Many experts echo Schofield’s sentiments, stating that comments about weight can be dangerous because you never fully know what health issues someone is dealing with.
“Maybe they’re struggling with an eating disorder, maybe they’re going through something in their life that has affected their relationship with food, or maybe they have an illness,” Chelsea Kronengold, communications director for the National Eating Disorders Association, told me. USA today in 2021.
While before-and-after weight-loss photos have become commonplace on social media, health experts note that an emphasis on how much better a person looks afterwards can still be detrimental. Dr. Anisha Patel-Dunn, psychiatrist and Chief Medical Officer at LifeStance Health, previously spoke to Yahoo Life about what happens mentally when someone hears that.
“At that point there’s a visual implantation in your brain of what you want to look like, or what you used to look like, which is almost always disconnected from reality,” explains Patel-Dunn. “This happens most often in younger people who are more impressionable.” This creates the idea in the person that ‘they themselves are not good enough as they are’.
It all plays into the larger societal problem of our obsession with weight, says Janet Lydecker, a professor of psychiatry at the Yale School of Medicine. She previously told Yahoo Life, “Just the preoccupation that Americans have with weight, and with weight being part of attractiveness, and a source of power, especially, but not exclusively for women, there’s a lot of pressure that we all feel in this culture to manipulate our bodies.”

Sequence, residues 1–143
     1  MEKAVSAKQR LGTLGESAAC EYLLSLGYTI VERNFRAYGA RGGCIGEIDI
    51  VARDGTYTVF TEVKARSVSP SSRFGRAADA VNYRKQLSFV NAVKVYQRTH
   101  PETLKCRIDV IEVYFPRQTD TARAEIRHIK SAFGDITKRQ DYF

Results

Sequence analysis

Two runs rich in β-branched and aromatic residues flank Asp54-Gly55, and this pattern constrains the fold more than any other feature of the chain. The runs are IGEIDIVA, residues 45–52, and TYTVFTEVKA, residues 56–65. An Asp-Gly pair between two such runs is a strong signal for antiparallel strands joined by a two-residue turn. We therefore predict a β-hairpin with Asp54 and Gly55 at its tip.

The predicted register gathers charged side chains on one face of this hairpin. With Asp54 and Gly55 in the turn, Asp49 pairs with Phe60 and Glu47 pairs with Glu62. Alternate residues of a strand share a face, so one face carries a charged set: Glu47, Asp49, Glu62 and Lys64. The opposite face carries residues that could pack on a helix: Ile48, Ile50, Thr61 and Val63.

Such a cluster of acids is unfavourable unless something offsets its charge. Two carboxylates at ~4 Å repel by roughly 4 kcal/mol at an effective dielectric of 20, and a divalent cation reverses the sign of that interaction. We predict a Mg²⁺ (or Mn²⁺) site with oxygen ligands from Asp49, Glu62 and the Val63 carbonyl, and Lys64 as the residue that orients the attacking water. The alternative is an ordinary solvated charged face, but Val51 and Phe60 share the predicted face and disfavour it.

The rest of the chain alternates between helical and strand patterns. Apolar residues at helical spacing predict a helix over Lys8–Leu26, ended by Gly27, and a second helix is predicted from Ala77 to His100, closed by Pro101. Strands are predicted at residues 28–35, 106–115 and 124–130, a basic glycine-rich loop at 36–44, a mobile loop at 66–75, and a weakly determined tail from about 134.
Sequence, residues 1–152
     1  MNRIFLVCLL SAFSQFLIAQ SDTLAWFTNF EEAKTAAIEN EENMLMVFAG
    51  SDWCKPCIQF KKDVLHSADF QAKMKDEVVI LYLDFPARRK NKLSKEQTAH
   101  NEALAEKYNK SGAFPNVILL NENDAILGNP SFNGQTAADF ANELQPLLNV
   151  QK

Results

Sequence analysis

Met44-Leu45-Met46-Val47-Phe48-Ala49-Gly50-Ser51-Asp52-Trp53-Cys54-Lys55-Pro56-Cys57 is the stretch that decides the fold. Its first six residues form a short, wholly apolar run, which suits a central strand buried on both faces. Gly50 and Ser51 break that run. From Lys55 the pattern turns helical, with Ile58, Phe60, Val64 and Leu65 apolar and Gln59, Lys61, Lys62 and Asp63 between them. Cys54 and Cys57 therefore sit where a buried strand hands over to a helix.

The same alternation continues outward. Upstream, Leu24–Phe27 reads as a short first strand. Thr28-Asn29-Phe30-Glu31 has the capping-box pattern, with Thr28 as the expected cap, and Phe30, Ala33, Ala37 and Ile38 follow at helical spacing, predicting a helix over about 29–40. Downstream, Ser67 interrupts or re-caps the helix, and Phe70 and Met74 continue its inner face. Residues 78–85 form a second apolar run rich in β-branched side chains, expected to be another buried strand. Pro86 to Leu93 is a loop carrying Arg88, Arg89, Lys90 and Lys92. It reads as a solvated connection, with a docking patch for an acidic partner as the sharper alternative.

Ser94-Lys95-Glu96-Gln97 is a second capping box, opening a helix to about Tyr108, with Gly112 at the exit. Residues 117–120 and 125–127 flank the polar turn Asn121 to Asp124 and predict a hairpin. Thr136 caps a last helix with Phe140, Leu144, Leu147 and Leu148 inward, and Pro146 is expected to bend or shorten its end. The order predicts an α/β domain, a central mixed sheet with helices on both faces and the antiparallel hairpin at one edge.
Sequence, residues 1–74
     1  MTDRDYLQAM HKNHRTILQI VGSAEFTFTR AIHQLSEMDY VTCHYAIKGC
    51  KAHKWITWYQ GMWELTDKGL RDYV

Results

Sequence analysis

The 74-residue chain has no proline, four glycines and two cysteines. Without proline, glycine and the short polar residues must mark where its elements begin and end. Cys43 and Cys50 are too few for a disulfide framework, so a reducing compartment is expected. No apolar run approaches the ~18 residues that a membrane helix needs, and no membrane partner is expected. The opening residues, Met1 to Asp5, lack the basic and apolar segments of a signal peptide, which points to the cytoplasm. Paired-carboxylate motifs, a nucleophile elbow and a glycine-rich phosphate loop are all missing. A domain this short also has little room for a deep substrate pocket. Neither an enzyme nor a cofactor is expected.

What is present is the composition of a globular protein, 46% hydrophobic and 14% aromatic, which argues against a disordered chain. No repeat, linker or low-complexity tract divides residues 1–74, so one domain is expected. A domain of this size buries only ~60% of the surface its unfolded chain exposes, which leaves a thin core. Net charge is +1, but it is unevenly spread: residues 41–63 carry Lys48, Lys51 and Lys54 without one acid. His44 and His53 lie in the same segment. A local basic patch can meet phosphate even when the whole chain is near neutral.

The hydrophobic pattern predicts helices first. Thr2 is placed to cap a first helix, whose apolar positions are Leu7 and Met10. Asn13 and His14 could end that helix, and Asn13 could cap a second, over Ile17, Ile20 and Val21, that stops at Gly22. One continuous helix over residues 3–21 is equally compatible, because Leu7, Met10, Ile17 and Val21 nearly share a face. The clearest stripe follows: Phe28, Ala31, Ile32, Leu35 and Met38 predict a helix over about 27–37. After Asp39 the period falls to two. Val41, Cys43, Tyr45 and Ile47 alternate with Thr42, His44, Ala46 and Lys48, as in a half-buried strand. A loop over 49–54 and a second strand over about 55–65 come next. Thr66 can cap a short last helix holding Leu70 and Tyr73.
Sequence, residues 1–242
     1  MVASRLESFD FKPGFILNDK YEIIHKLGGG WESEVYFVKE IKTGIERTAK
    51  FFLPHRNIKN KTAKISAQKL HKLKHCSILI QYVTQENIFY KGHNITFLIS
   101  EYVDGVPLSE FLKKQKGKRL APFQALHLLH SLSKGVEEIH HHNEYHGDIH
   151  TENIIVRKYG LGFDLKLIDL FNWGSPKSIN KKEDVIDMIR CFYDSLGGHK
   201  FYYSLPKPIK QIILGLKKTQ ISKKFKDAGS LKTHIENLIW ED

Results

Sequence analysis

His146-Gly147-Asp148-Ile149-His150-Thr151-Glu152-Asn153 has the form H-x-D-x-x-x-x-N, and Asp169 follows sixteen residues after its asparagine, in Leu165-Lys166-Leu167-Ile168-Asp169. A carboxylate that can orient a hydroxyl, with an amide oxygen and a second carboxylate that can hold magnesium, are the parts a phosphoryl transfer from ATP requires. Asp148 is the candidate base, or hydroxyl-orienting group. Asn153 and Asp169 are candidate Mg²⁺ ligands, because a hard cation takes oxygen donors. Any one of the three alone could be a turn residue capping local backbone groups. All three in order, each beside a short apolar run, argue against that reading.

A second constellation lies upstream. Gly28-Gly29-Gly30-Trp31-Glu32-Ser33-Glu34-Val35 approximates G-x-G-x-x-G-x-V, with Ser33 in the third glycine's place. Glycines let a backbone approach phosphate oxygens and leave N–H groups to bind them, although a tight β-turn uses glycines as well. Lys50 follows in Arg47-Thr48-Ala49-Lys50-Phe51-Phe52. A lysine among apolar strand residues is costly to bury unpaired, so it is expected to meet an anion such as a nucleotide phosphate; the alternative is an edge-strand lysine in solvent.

Which celebrities have spoken out about social media comments about their bodies?
Several celebrities have spoken out about their struggles and triumphs with body image, especially due to the public’s incessant comments while dealing with health issues. In 2018, Gigi told Hadid To tempt that when people said she was “too big for the industry” in her early years of modeling, she really struggled with undiagnosed Hashimoto’s disease.
“For those of you who are so determined to find out why my body has changed over the years: you may not know that when I started @ 17 I hadn’t been diagnosed with Hashimoto’s disease; those of you who calling me ‘too big for’ the industry saw inflammation and water retention as a result,” Hadid tweeted at the time.
In April of this year, “thank you, next” singer Ariana Grande took to TikTok to explain that in times when people were complimenting her body, she wasn’t actually living a healthy lifestyle. So she suggested that people “should be more gentle and less comfortable commenting on people’s bodies no matter what.”
“[Even] if you think you’re saying something good or well-intentioned…we just have to work on not doing that so often,” Grande said.
In 2021, Jonah Hill also asked his followers not to ma
ke comments about his body, even if they are positive ones.
Hill shared in a now-deleted Instagram post: “I know you mean well, but I kindly ask you not to comment on my body, good or bad. I just want to politely let you know it’s not helpful and that it doesn’t feel right.”